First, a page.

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When we think of strongmen today, we usually think of pro-athletes or that guy from Iceland who won a bunch of world strongest man competitions. But how strong are we today when compared with other generations?
In the 19th century, strongmen were the pro-athletes. They traveled the world, performing in circuses, lifting incredibly heavy things, bending iron bars, hammering nails into wood with their bare hands and wrestling bears, all while sporting classic handlebar mustaches. They didn’t have the latest in medicine or sport training science, equipment or facilities. They also didn’t have access to the plethora of legal and illegal performance enhancing supplements that are available today. They were just strong, ridiculously strong. So here’s our shortlist of the top five strongmen from the classic 19th century era.
Also known as Black Angus or the Giant MacAskill, Angus was born in Scotland in 1825. He truly was a giant, reaching 7ft 9in and weighing in at over 500lbs. From early on, MacAskill worked as a fisherman where his impressive size and strength came in handy. His feats of strength included lifting ship anchors weighing 2,800lbs and carrying 350lb barrels under each arm. He eventually joined the P.T. Barnum circus and toured with General Tom Thumb. He is recognized by the Guinness Book of Records as the worlds tallest “natural” giant as well as having the largest chest of any non-obese man (80in).
Born in France in 1862, Uni was better known as Apollon the Mighty. He made his name as a Greco-Roman wrestler and strongman performer in Bordeaux. Renowned for the size of his forearms and wrists, some of his feats of strength included pinch-lifting 160lbs and hoisting a pair of 366lb train-car wheels with an enormously thick axle overhead. In 1913 while attempting to hold back two cars with his bare hands he suffered a career ending arm injury.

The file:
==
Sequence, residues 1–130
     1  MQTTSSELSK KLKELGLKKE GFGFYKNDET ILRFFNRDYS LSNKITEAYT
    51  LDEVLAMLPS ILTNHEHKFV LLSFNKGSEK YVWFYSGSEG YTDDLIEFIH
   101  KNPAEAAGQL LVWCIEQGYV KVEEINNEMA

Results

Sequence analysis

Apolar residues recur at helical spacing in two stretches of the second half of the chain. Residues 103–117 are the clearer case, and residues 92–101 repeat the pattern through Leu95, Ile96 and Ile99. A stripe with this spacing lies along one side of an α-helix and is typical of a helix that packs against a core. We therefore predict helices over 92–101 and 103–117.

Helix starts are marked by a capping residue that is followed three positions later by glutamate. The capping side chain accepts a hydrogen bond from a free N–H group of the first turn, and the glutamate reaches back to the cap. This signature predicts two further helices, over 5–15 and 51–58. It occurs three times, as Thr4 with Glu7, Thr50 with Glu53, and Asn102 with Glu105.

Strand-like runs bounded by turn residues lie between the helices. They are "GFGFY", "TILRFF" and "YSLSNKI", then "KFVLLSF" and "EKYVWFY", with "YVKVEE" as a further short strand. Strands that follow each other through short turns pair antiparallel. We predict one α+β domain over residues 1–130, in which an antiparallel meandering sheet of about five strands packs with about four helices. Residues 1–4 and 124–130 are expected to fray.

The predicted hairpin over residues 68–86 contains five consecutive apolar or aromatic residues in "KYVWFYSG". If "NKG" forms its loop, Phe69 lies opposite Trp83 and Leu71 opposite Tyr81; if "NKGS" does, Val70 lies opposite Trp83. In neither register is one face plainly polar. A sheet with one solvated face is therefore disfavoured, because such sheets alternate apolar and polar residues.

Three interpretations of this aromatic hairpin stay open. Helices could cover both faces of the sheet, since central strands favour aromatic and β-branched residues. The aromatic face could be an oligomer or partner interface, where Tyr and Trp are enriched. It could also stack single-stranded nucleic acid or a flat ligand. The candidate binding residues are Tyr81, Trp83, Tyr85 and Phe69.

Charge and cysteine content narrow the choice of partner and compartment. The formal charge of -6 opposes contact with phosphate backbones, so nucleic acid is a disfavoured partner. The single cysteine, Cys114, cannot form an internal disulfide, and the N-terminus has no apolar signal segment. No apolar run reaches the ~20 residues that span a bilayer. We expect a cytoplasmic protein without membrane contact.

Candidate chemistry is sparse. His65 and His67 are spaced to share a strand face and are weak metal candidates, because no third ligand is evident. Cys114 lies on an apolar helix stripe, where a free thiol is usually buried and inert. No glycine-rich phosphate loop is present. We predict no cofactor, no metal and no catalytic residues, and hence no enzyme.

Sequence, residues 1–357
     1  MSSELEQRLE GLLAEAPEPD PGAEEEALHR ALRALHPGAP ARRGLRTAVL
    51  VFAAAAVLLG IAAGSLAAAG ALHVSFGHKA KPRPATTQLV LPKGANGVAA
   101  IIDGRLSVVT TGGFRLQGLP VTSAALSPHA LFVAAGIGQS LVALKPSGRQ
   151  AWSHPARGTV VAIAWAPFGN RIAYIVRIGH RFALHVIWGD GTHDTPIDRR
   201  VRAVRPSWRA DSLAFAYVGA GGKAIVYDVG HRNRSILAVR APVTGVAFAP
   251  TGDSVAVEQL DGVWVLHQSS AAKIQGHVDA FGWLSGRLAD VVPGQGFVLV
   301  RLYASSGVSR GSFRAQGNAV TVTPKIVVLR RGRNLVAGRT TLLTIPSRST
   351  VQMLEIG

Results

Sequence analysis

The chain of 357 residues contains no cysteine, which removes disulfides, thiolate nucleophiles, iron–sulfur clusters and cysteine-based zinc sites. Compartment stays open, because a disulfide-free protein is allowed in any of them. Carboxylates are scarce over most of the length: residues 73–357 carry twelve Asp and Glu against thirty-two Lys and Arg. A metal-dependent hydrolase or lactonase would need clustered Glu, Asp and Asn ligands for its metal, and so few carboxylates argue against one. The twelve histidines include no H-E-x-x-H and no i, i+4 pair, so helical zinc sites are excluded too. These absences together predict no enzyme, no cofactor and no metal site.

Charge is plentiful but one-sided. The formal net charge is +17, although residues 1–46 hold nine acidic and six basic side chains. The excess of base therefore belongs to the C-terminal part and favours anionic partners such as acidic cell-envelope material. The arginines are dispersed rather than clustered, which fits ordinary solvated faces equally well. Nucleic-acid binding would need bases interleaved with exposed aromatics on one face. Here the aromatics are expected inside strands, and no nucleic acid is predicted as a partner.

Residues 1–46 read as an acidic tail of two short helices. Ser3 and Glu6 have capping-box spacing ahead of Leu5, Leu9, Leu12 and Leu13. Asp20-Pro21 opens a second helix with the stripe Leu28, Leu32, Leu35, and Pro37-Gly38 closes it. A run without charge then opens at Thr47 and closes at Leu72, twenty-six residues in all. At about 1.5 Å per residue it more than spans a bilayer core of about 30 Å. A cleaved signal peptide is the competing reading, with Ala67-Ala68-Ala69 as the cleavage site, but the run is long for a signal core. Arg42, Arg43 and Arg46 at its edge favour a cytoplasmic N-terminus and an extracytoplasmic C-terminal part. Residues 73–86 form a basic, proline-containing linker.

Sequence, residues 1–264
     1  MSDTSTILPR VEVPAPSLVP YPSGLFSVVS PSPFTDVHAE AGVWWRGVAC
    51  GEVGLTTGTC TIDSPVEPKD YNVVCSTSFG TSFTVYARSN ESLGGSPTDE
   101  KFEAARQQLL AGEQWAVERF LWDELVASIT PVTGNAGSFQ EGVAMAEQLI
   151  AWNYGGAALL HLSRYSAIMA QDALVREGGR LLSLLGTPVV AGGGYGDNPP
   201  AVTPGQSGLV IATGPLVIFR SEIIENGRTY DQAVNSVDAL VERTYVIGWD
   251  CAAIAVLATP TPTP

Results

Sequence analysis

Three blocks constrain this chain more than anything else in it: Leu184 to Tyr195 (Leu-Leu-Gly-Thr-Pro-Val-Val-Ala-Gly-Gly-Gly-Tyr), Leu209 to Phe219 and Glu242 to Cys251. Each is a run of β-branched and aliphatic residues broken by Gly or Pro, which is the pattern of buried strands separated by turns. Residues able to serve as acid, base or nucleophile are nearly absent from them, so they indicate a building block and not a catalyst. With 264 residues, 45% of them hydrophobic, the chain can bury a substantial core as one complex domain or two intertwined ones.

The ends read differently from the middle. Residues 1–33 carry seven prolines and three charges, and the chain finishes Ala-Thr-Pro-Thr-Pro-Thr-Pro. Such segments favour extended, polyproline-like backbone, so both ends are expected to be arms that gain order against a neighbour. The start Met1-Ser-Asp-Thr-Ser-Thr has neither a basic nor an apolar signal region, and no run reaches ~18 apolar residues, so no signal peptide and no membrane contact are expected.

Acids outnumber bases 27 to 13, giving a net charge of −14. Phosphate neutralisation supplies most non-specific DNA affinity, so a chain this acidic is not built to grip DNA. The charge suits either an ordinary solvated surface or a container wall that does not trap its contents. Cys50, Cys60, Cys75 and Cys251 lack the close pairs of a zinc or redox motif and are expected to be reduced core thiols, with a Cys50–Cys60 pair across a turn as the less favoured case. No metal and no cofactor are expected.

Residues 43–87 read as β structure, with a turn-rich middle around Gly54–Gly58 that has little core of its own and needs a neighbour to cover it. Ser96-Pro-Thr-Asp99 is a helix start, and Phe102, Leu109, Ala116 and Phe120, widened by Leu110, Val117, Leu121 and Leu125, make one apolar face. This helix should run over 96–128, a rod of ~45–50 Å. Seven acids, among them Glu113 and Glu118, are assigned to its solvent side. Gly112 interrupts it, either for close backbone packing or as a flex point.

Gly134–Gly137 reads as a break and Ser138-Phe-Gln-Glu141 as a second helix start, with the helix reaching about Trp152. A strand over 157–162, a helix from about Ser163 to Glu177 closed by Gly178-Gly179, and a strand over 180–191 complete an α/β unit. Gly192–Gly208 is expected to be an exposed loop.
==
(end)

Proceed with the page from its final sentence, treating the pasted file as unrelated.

Born in Canada in 1863, Louis worked in a lumber yard as a youth where he showed off his awesome strength, even at a young age. Imitating Milo of Croton, who carried everywhere he went a calf to full grown bull, Cyr attempted the same, but had to settle for a sack of grain when the calf kicked too much and bolted. He did however, lift a fully grown horse in his first strongman contest. He also set the record for the one-handed bench press with a lift of 273lbs, breaking Eugen Sandows record by 2lbs. He also famously lifted a platform on his back containing 18 men weighing in at 4,337lbs. Cyr has been called the strongest man to have ever lived.
Born Friedrich Muller in Prussia in 1867, Sandow is often referred to as the father of modern-day bodybuilding. After fleeing his homeland to avoid military service, he traveled Europe performing as a circus strongman. He found fame in England where he was admired more for his bulging muscles than his feats of strength. In 1901, he held the Great Competition, recognized as the first ever recorded bodybuilding contest. Sandow also opened gymnasiums, designed strength training equipment and wrote books on exercise and diet. Some of his lifting feats included a 312lb one-arm dumbbell clean and a 1,500lb one-handed stone lift. He is immortalized as a bronze statue simply called “The Sandow,” which is presented to the winner of Mr. Olympia each year.
Nicknamed the “Russian Lion,” Hackenschmidt was born in Russian in 1877. In school, he was a supreme athlete and excelled at many sports including wrestling and weightlifting. After school and a short stint as a blacksmith, he became a professional wrestler. He wrestled throughout Europe and became the first recognized heavyweight wrestling champion. He was known to often wrestle five different oppenents in a night -of course defeating them all. In his career, it is estimated that he competed in about 3,000 professional wrestling matches and lost only twice. He is also credited with inventing the famous bear hug move. Along with wrestling Hackenschmidt was also an accomplished weightlifter, recognized for polarizing the hack squat and bench press.